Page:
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|U.S. Classification||435/7.23, 435/344, 436/828, 436/536, 435/960, 435/7.21, 436/518, 436/548, 436/813, 436/504, 436/501, 436/537, 435/70.21|
|International Classification||C07K16/00, C07K19/00, C07K14/005, G01N33/567, G01N33/574, C07K16/30, C12N5/10, C12P21/08, G01N33/577, C07K14/195, A61K39/395, C12R1/19, C12N15/02|
|Cooperative Classification||Y10S436/813, Y10S435/96, Y10S436/828, C07K16/30, G01N33/567|
|European Classification||C07K16/30, G01N33/567|
|Nov 30, 1984||AS||Assignment|
Owner name: SLOAN-KETTERING INSTITUTE FOR CANCER RESEARCH 1275
Free format text: ASSIGNMENT OF ASSIGNORS INTEREST.;ASSIGNORS:COTE, RICHARD J.;THOMSON, TIMOTHY M.;HOUGHTON, ALAN N.;AND OTHERS;REEL/FRAME:004351/0319;SIGNING DATES FROM 19841112 TO 19841114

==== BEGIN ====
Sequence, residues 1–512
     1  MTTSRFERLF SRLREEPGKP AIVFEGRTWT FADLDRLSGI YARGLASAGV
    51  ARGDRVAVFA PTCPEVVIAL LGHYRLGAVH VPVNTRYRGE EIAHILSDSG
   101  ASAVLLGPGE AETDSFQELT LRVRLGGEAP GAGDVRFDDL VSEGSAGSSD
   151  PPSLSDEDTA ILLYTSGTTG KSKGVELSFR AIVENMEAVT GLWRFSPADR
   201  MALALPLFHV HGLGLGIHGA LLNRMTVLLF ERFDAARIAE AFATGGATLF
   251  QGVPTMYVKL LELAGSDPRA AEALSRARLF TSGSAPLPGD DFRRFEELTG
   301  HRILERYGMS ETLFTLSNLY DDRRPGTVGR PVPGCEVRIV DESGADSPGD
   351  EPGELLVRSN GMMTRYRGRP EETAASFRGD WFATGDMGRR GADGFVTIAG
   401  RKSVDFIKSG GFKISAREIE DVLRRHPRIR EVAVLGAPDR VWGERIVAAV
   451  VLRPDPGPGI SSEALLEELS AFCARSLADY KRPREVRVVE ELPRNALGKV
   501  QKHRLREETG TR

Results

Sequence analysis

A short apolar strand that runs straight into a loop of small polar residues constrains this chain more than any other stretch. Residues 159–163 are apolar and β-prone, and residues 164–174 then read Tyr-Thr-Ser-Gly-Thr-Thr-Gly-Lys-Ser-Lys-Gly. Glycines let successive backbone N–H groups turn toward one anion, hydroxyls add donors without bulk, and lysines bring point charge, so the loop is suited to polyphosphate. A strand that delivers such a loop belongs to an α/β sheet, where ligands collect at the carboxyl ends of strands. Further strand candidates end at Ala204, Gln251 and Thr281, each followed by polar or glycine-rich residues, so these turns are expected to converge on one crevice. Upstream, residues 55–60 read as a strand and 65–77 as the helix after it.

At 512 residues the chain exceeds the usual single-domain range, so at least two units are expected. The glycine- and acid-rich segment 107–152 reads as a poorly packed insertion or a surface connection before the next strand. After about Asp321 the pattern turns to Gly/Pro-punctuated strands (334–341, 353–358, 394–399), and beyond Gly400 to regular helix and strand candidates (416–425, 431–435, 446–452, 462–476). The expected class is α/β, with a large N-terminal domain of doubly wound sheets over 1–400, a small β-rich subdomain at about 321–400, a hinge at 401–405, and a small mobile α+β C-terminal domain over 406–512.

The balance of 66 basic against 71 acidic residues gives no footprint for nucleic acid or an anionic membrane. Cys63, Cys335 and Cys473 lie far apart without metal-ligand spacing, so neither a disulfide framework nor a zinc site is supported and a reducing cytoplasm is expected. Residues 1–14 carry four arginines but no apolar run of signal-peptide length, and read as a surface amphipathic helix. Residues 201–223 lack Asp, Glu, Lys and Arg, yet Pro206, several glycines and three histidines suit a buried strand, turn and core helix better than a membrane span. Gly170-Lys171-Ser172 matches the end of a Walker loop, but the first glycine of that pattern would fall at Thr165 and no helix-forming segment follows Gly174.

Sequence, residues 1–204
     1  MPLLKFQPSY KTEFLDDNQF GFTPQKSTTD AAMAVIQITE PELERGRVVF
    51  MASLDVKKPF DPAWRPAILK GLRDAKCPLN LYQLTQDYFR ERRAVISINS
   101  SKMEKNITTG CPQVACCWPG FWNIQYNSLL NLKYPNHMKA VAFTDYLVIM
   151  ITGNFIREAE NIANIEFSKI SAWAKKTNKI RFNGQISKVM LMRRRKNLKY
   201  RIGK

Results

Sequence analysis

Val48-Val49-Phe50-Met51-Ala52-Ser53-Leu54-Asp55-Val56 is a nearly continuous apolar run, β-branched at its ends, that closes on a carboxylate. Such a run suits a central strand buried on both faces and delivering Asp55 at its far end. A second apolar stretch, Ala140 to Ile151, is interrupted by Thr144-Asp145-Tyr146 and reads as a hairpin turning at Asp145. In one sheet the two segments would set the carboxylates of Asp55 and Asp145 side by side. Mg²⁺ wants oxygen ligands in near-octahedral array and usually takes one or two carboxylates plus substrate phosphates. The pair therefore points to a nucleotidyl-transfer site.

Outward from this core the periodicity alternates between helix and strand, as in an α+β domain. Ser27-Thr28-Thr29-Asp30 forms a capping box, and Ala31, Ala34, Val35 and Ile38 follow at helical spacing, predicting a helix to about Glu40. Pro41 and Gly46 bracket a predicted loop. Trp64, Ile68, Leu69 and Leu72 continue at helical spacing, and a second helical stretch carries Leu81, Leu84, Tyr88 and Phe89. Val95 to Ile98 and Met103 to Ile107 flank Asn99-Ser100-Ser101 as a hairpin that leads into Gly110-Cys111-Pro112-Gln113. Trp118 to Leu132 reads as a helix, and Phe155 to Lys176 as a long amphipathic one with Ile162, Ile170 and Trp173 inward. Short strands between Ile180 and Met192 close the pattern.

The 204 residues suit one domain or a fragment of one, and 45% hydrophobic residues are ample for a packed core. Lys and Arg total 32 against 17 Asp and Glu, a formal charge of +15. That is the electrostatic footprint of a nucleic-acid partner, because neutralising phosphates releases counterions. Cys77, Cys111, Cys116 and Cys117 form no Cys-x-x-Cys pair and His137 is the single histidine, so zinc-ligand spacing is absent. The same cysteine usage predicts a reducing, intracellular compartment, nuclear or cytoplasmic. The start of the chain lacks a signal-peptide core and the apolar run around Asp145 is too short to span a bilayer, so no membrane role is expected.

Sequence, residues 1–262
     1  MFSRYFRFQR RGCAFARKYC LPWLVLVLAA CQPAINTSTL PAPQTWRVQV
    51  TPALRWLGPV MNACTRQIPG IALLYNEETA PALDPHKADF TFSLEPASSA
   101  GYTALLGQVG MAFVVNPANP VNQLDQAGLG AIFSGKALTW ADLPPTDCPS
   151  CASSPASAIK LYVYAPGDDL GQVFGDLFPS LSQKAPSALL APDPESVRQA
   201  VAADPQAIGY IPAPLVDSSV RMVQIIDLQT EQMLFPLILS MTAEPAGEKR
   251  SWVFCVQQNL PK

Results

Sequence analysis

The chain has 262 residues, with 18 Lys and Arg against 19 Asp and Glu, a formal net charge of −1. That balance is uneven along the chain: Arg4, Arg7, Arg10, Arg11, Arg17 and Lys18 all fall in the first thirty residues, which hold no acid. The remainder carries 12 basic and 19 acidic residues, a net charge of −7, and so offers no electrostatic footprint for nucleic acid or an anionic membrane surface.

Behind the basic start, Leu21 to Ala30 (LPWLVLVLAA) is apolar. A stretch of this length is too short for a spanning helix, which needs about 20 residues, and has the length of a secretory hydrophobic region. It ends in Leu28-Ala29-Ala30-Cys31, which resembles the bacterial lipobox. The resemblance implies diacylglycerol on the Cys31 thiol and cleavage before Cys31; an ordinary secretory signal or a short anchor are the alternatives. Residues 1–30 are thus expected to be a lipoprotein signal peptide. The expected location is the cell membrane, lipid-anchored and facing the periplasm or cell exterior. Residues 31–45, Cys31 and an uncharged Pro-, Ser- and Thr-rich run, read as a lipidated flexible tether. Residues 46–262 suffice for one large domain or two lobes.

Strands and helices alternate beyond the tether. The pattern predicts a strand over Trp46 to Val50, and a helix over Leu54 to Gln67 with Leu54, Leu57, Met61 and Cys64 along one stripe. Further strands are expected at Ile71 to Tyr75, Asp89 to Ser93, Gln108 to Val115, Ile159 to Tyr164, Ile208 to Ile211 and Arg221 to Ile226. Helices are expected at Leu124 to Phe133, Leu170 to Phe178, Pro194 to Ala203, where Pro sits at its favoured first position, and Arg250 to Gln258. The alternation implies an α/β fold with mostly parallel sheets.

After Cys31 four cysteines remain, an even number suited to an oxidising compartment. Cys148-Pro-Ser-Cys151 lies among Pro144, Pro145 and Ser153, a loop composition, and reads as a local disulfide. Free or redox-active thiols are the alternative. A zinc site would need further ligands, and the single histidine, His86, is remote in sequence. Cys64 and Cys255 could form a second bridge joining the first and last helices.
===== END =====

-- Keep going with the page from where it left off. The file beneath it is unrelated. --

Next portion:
|Jul 15, 1985||AS||Assignment|
Owner name: SLOAN-KETTERING INSTITUTE FOR CANCER RESEARCH, 127
Free format text: ASSIGNMENT OF ASSIGNORS INTEREST.;ASSIGNORS:COTE, RICHARD J.;THOMSON, TIMOTHY M.;HOUGHTON, ALAN N.;AND OTHERS;REEL/FRAME:004426/0964;SIGNING DATES FROM 19850607 TO 19850614
|Apr 11, 1991||SULP||Surcharge for late payment|
|Apr 11, 1991||FPAY||Fee payment|
Year of fee payment: 4
|May 2, 1995||REMI||Maintenance fee reminder mailed|
|Sep 24, 1995||LAPS||Lapse for failure to pay maintenance fees|
|Dec 5, 1995||FP||Expired due to failure to pay maintenance fee|
Effective date: 19950927